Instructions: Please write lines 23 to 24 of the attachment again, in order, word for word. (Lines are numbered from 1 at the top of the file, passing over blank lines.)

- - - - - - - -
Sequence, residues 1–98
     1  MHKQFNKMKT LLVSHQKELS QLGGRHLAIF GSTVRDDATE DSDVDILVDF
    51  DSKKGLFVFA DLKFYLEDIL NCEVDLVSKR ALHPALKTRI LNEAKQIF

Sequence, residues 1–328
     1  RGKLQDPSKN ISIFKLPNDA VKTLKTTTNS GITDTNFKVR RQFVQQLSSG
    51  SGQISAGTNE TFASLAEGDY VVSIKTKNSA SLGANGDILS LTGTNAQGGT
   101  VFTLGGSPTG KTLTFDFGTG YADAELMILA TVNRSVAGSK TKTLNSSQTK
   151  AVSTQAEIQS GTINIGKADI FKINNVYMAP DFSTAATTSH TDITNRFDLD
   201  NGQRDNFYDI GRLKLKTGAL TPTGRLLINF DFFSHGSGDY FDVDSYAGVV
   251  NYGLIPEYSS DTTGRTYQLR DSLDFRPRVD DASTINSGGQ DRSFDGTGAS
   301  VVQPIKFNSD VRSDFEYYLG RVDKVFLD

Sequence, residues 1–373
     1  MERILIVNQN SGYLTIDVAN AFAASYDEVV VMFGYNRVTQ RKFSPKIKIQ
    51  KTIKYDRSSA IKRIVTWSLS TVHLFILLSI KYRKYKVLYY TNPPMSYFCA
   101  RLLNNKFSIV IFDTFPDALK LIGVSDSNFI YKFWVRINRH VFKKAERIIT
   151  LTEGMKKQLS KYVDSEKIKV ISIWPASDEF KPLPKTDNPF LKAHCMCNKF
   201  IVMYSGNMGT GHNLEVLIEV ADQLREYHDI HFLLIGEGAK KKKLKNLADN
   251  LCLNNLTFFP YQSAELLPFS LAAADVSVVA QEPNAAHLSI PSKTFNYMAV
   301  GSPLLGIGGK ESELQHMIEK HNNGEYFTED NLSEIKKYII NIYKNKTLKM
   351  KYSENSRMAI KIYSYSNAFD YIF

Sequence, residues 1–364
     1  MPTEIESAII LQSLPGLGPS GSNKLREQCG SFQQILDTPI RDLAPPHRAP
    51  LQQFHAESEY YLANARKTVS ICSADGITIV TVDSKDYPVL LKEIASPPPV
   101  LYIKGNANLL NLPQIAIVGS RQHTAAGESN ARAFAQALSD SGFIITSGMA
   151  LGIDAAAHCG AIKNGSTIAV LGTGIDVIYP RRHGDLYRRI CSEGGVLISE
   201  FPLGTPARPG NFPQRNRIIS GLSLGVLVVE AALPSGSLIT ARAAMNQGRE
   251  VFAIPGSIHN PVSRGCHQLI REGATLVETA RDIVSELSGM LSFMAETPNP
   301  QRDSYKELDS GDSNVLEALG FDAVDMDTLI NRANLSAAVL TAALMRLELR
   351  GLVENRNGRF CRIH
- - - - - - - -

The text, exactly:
    51  LQQFHAESEY YLANARKTVS ICSADGITIV TVDSKDYPVL LKEIASPPPV
   101  LYIKGNANLL NLPQIAIVGS RQHTAAGESN ARAFAQALSD SGFIITSGMA